PBHs as seeds for SMBHs at the earliest possible time for DCBH formation is another matter. That seems a more likely probability since they are seen so early in those very distant quasars, and are very large. There are earlier images of galaxies* (higher redshift) than these quasars, but the quasars are confirmed black holes, with well established mass and age. That is the biggest issue.

As I recall, dark energy may be involved in expansion. Suppose that is one too look up some time. Really like to deal with things you can see, either optically or with instruments. That is the great thing about earth-bound sciences. You get real data that does not require modelling, only proper interpretation. This is true in a green-house, or over at the Large Hadron Collider!

Perhaps some experts on dark energy, assuming such an accolade exists, might help us out on this one.

* https://en.wikipedia.org/wiki/List_of_the_most_distant_astronomical_objects
 
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Feb 18, 2020
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I see no problem with PBHs. Everything is a matter of proportion. Some will. Some won't. Just like direct ionisation in diffused ionized gas - not in clouds, singly in gas. Last I heard it is not understood, except obviously it is by O and B stars. Any more recent suggestions would be welcome :)
 
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Jul 18, 2020
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Sigh. Black holes are the only type of "dark matter". Black holes' gravity is the only "dark energy". Our miniverse is an infinitesimal part of the UNIVERSE. The number of black holes in the UNIVERSE > the number of stars in our miniverse. Our miniverse formed galaxies IMMEDIATELY after the "big bang" because it was orbited by millions of black holes. (See, e.g., the swarm of black holes orbiting Sagittarius *A.)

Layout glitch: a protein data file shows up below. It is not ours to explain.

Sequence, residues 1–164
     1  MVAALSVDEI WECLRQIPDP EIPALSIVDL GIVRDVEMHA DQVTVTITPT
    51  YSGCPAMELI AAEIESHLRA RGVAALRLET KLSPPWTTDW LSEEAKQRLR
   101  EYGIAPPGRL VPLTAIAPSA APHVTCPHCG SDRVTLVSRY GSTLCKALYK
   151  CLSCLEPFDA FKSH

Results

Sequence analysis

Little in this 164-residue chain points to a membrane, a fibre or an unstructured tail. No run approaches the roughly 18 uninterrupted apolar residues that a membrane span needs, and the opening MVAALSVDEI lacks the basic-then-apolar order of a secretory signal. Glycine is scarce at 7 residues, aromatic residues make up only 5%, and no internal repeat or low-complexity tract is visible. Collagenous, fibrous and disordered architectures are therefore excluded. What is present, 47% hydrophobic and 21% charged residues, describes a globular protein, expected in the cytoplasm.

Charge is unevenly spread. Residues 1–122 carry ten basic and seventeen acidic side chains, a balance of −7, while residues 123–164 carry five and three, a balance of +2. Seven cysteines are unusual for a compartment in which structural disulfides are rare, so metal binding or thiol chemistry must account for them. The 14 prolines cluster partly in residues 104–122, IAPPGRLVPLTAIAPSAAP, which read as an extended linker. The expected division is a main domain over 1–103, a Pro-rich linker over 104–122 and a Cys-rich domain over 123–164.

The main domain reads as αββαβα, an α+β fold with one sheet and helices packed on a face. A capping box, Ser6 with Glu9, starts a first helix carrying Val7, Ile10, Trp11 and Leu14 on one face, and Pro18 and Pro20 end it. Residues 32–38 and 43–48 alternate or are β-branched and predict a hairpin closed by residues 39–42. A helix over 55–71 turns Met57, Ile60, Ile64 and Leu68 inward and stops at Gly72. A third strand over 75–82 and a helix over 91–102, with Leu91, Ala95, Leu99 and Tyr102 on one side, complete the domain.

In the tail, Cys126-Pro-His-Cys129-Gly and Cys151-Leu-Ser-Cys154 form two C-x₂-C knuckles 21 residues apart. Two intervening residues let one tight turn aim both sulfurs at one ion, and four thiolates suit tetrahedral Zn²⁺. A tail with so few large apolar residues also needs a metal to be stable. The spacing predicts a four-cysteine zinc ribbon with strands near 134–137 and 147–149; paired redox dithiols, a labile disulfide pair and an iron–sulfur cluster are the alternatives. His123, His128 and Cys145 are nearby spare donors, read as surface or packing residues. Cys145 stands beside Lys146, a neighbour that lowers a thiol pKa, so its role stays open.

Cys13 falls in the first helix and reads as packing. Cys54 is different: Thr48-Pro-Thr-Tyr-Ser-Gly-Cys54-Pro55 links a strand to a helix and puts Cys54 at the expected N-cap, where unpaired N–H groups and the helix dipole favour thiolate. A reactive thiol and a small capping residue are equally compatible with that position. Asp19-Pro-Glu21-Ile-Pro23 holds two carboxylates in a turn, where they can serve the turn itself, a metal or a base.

Once we recognize these scientific facts, modern cosmology will take its rightful place on a dusty shelf along with Plato's and Copernicus's. And human beings will, again, be humbled by their insignificance.

OTOH, humility is the only road to truth.
 

rod

Oct 22, 2019
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FYI. PBH are used in a newer model to explain Planet Nine now, perhaps a 5 earth mass PBH. This type of model can be applied to exoplanet studies too. If the early universe in the BB cosmology created an abundance of PBH, what happens to star formation theories and exoplanets? Will PBH contribute to unstable exoplanet systems? It seems all manner of PBH modeling can now be developed to show if exoplanets can be stable and suitable for life or just plain, destructive. The door is now wide open for exoplanets studies and PBH impact :)